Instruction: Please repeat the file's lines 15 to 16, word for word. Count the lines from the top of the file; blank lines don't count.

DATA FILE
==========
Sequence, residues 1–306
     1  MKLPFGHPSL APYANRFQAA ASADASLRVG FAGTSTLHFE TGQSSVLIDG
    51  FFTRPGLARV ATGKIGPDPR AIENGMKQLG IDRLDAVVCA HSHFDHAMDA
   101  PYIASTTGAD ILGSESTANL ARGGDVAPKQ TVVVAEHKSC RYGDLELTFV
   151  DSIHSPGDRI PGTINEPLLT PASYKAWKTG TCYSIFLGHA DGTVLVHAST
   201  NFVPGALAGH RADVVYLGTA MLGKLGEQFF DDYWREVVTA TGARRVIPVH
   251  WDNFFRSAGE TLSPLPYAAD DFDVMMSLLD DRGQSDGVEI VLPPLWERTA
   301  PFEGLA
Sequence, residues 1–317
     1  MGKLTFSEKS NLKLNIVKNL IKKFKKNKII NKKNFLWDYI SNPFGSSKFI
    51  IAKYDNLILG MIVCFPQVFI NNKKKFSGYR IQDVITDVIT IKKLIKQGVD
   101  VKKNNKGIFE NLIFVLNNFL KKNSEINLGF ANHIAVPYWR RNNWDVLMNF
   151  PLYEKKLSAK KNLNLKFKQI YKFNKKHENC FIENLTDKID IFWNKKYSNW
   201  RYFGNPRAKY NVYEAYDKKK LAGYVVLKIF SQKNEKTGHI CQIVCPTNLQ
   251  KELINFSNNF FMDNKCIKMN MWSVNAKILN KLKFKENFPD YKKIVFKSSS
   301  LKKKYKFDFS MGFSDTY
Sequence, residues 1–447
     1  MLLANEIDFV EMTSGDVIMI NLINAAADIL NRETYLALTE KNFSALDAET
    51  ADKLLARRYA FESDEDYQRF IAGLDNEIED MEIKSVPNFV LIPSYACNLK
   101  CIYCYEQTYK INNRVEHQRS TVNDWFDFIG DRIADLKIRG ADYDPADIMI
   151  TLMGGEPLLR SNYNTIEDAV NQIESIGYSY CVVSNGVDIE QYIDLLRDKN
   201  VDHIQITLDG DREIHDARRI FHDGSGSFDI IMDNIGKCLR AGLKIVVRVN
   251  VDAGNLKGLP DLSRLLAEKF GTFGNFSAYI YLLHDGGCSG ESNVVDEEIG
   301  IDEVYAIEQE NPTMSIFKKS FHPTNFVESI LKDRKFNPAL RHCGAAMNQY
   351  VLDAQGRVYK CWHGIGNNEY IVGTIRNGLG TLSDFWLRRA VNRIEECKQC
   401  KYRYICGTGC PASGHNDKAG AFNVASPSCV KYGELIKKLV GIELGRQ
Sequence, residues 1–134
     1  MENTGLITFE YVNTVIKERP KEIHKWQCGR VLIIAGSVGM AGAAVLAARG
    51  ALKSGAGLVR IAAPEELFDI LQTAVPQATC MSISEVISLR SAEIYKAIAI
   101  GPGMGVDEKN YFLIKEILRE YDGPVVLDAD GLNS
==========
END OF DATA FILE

   251  KELINFSNNF FMDNKCIKMN MWSVNAKILN KLKFKENFPD YKKIVFKSSS
   301  LKKKYKFDFS MGFSDTY